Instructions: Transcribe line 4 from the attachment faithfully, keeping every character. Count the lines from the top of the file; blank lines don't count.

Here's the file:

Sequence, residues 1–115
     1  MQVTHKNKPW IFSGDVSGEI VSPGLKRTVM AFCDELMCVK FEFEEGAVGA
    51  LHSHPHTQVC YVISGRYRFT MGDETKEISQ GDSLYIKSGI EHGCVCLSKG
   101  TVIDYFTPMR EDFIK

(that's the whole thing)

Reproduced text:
   101  TVIDYFTPMR EDFIK